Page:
Omair Alavi|Published May 2, 2020
Turn these days at home into a learning experience with Syed Imtiaz Ali Taj’s Bachon Kay Dramay, published by Oxford University Press. The book may be in Urdu language, but it will be the finest Urdu publication you (or your kids, if you are a parent) will read, and understand easily.
This collection is specifically targeting parents who love to read Urdu to their children or kids with an interest in theatre. Even after more than 50 years of the dramatist’s death, these dramas are as valid as anything written for children recently.
Before you move ahead, you should know that Imtiaz Ali Taj is the father of Urdu drama and wrote the immensely popular Anarkali when he was 22 years old. He also created the famous character Chacha Chakkan for kids, who is the clumsy uncle we all have in our family. Another of his drama Begum Ki Billi is still being taught in schools all over Pakistan where the protagonist plans to get rid of his wife’s cat, without success.
Imtiaz Ali Taj’s contribution to the field of children’s literature is massive, especially because not much has been done in this regard since his death in 1970.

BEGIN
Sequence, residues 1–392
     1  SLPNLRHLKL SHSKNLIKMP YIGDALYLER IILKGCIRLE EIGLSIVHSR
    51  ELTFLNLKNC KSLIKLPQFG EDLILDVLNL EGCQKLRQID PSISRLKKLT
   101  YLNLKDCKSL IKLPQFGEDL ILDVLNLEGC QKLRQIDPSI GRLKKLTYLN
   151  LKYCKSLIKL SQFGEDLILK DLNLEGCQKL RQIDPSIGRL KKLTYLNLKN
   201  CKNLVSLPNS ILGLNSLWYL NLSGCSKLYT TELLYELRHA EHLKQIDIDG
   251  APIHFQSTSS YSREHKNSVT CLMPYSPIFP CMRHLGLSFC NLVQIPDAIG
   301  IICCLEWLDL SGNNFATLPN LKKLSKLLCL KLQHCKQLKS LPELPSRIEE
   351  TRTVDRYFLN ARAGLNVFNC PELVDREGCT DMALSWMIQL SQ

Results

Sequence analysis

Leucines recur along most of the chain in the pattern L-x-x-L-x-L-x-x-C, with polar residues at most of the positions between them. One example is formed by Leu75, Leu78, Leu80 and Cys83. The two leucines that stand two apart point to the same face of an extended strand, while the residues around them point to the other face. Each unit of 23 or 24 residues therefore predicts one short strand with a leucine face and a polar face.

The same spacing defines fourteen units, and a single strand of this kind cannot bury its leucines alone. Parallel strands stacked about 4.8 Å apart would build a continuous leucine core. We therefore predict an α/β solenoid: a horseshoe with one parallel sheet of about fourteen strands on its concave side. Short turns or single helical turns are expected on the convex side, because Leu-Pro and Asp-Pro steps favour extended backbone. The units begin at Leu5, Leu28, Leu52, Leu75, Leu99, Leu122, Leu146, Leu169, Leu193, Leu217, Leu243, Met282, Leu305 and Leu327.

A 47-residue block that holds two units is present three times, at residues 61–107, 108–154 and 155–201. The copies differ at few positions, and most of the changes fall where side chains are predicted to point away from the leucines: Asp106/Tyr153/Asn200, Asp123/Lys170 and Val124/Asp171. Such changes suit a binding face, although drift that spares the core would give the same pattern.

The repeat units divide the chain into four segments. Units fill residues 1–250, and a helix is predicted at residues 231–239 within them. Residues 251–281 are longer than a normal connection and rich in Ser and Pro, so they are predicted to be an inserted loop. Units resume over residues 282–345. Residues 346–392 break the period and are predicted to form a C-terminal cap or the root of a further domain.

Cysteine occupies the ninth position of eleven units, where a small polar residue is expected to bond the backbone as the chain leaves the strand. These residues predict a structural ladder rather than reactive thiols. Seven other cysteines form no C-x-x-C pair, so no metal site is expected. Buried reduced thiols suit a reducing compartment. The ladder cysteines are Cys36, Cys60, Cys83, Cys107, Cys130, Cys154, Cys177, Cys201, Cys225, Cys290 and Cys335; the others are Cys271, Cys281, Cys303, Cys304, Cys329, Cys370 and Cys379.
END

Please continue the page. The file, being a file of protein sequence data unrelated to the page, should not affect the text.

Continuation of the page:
In this book, 12 of his dramas are presented in such a way that not only the readers get to learn something new, but also realise that something they take for granted, are wrong. It starts with Tal Matol that teaches us the importance of listening to elders and giving preference to what they have to say; Anokha Darbar revolves around a funny royal couple who find themselves in a comical situation; Cinema is about two brothers making excuses so that they can visit the cinema, without any of them realising that their father had already asked the teacher to take them to the cinema; Baja Mil Gaya preaches us that there are more important things in life than what your heart desires; Hidayatein is an interesting conversation between two friends regarding ‘irritating instructions’ from parents, whereas Naukri Kyon Na Mili tells us that sometimes being over efficient can be disastrous.
The rest of the stories teach you how to converse while visiting a doctor, going shopping, or how to interact when at a hospital or when your father’s friend arrives. The importance of time and obeying the law are also cunningly explained as dialogues between two people, and they will certainly make the readers more intelligent than they were when they started the book.
There is a reason why Bachon Kay Dramay doesn’t have pictures because it helps you visualise the settings rather than do that for you. If you are a parent and believe that your kids have a thing for drama (don’t they all!), then this book is what you will need to encourage them. The simple language helps them improve whereas the comedy, as well as serious situations created by the dramatist, will make you appreciate his efforts to teach.
Published in Dawn, Young World, May 2nd, 2020